THIS IS ABOUT me, as an artist.
As a youth I was impressed with the linear geometry of vertical cedar posts connected with parallel strands of barbed metal wire.
To me it was an intrusive barricade that represented a contrived division of open space and mirrored the boundaries that can rob us of our dreams.
It made me wonder what was on the other side.
I titled this piece of farm sculpture “A Fence.”
In a later work, I split rounds of logs into diamond-shaped pieces, each as different as a snowflake, then crafted them into a horizontal mosaic that bespoke the primeval majesty of an ancient forest.
I called this “The Wood Pile.”
The work received much acclaim before being accidentally burned and destroyed by culturally unenlightened family members who failed to appreciate the work of getting the art out or the art of getting out of work.
I was forced to experiment with other media.
My next bit of art theater was an indoor piece composed of a collection of rectangular bundles of dried grass that I modeled into a monolith held together with gravity that I called “The Hay Stack.”
At some point, I began my stump sculpture period, where I carved a series of stumps from living trees.
Each of the stumps was also different like snowflakes, and in their totality formed my shining masterpiece, “The Clearcut.”
It was only a matter of time before I began painting.
Typically my first canvas was a courageous attempt at a mural of a herd of majestic mountain goats stampeding across Mount Olympus in a blizzard, done entirely in white.
As an artist I create what I feel and feel what I create.
That is why I am pleased to request the pleasure of your company at an exhibition of my photography at the Tyler Street Coffee House in Port Townsend during the first Saturday Art Walk and throughout September.
This first exhibition of my work represents a 35-year retrospective of both black-and-white and color photographs I have taken on the North Olympic Peninsula as a historian or while guiding the rivers of the rain forest.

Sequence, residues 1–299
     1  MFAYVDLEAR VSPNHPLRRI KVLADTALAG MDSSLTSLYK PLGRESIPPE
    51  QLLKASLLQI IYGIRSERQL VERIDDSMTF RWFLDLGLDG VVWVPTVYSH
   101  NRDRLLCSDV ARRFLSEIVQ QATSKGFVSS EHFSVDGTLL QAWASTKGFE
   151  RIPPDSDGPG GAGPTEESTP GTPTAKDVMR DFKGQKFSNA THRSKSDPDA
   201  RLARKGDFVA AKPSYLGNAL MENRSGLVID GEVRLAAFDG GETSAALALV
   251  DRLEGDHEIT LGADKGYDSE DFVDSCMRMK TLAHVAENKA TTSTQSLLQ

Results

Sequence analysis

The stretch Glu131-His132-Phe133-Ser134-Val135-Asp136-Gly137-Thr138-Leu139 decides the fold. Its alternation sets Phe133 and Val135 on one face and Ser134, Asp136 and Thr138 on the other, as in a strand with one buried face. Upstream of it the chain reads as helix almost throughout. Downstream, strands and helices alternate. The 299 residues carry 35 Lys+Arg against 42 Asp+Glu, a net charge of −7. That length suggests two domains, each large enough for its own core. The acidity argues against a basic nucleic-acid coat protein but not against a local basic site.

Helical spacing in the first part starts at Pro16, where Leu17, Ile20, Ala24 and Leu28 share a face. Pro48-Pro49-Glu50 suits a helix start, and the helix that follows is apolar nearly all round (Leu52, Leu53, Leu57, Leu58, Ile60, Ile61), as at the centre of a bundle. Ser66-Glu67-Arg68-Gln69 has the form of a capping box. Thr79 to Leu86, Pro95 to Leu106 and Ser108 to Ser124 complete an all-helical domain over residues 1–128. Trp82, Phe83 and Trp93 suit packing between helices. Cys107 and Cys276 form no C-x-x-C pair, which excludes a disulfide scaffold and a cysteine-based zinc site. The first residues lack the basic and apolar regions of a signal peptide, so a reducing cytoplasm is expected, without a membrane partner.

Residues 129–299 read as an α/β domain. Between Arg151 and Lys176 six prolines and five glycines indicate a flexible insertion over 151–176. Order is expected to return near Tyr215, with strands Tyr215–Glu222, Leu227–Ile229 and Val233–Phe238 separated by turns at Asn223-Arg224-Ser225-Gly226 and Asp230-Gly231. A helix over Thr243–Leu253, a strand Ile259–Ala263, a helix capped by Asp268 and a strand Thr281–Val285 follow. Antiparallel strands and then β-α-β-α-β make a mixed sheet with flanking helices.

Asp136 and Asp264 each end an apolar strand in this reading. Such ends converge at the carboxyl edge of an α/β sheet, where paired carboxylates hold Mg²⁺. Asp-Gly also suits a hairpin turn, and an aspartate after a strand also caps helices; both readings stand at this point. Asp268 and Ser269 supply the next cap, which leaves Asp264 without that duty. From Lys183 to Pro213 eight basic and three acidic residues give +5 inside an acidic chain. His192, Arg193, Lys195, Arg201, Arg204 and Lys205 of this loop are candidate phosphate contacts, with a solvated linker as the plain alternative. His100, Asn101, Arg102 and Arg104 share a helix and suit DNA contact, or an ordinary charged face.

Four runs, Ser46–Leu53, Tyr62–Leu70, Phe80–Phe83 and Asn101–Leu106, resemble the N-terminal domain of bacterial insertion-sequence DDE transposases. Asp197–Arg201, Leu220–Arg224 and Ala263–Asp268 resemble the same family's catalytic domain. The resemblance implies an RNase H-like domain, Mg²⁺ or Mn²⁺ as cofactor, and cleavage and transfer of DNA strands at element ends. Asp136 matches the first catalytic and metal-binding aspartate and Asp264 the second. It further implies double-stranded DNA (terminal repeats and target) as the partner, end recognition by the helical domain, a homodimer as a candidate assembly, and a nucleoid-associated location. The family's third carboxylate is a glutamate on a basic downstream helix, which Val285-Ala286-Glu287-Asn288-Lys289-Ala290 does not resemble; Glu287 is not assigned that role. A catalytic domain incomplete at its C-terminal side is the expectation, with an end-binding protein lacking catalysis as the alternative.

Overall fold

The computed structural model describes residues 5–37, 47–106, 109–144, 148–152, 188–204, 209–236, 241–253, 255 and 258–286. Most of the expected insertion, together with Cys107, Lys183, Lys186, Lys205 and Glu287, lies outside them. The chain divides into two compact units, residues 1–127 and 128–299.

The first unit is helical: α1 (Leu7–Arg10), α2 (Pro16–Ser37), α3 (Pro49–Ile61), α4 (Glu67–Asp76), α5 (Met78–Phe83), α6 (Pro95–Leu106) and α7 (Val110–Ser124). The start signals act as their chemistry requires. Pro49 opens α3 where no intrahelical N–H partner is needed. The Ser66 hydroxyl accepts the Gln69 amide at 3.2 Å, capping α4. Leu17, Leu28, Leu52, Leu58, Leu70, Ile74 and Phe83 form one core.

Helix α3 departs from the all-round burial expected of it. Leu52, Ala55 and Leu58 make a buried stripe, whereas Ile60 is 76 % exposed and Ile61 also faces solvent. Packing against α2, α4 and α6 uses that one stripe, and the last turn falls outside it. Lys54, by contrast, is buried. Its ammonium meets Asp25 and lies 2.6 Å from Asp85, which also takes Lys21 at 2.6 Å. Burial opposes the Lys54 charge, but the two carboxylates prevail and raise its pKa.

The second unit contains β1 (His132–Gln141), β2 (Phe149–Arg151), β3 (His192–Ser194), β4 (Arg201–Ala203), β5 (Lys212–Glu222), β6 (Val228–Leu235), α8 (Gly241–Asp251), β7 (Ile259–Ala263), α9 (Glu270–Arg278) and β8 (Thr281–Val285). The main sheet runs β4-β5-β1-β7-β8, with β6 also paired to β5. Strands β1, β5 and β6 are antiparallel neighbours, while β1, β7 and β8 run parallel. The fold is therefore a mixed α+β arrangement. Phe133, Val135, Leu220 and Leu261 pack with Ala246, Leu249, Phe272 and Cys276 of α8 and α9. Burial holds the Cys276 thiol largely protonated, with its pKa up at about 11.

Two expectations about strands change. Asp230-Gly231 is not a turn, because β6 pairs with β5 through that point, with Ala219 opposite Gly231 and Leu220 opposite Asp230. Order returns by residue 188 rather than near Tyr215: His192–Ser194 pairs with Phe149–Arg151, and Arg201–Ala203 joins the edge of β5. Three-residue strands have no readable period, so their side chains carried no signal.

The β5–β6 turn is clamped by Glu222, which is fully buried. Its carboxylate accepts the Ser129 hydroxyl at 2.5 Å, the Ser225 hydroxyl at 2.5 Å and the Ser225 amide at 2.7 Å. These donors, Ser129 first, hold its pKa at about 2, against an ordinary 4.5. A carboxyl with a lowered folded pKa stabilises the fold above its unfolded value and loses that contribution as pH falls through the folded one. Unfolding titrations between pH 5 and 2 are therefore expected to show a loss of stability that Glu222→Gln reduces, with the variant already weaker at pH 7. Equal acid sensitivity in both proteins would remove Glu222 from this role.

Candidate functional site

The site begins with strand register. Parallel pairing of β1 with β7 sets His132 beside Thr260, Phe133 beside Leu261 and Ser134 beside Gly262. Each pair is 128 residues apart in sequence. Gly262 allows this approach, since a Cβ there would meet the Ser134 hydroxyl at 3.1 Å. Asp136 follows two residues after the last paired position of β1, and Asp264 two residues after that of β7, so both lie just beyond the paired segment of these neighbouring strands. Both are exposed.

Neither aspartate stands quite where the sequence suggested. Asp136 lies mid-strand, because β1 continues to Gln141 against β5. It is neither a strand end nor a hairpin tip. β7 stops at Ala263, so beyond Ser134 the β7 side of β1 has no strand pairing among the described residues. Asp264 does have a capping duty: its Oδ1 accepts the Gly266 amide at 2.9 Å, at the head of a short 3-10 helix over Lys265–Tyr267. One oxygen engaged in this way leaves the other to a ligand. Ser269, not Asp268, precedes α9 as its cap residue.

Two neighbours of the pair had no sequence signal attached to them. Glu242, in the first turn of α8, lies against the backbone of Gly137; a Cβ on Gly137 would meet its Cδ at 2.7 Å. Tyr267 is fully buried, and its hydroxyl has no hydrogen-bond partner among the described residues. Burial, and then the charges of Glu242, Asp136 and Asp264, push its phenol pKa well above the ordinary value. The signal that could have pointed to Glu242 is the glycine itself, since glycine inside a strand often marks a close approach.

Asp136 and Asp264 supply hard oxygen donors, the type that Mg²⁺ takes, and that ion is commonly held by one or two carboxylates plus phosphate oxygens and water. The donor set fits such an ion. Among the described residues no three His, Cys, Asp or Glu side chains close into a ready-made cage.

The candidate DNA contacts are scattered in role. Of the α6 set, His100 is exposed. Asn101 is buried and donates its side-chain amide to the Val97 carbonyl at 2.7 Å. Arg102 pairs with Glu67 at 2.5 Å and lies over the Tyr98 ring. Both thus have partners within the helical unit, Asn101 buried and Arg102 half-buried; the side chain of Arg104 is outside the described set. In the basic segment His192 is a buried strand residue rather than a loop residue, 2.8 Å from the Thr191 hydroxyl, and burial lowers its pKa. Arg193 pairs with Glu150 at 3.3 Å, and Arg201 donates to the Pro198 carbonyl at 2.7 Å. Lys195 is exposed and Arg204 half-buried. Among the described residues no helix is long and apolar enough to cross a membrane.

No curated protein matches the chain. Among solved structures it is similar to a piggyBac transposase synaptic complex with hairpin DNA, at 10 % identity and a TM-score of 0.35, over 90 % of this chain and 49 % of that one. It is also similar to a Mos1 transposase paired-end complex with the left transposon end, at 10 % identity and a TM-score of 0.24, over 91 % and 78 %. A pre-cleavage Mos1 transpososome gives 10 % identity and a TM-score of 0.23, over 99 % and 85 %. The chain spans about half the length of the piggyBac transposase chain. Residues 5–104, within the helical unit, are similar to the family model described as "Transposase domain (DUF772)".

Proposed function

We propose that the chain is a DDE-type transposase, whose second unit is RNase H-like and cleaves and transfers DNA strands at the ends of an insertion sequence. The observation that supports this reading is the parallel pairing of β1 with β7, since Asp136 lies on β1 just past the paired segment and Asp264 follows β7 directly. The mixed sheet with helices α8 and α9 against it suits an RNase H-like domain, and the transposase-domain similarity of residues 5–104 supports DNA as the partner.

Some of the photographs have an ethereal mist-shrouded quality.
That is because they were taken in the rain.
Photography in the rain can be a challenge.
Many fine cameras were destroyed in the assembly of this exhibit.
• 1. “Portrait of a Basset Hound,” was taken in a 1974 Peninsula College photography class with a Kodak Brownie.
Boone was the leader of the pack. I believe the photograph documents the destructive nature of this family pet.
I sure miss him.
• 2. “Upriver.” This is a photograph of my friend, Harry Reed Sr., fording the upper Dungeness River in 1979 while researching historic structures in the rain shadow of the Olympics.
Harry was a walking encyclopedia of the Dungeness.
I sure miss him, too.
• 3. “Stony Point Shelter” is a representative of backcountry shelters built by the Civilian Conservation Corps during the last Depression.
• 4. “Mount Olympus,” as seen from Richwine Bar on the Quileute River during a morning thunder storm.
I’m allergic to lightning and it’s nuts to be out on a gravel bar in a lightning storm, but look at those guys standing in the water with the graphite fishing rods.
• 5. “Lillian Valley.” Grant Humes, one of the first guides on the Peninsula said the Lillian was the most beautiful river in the Olympics.
There’s no way you could take a bad picture of the Lillian.
That’s the secret to my photography — location, location, location.
Pat Neal is a fishing guide, writer and now a photographic exhibitor who still finds time to write a weekly column appearing Wednesdays.He can be reached at 360-683-9867 or firstname.lastname@example.org, or visit his blog at patnealwildlife.blogspot.com.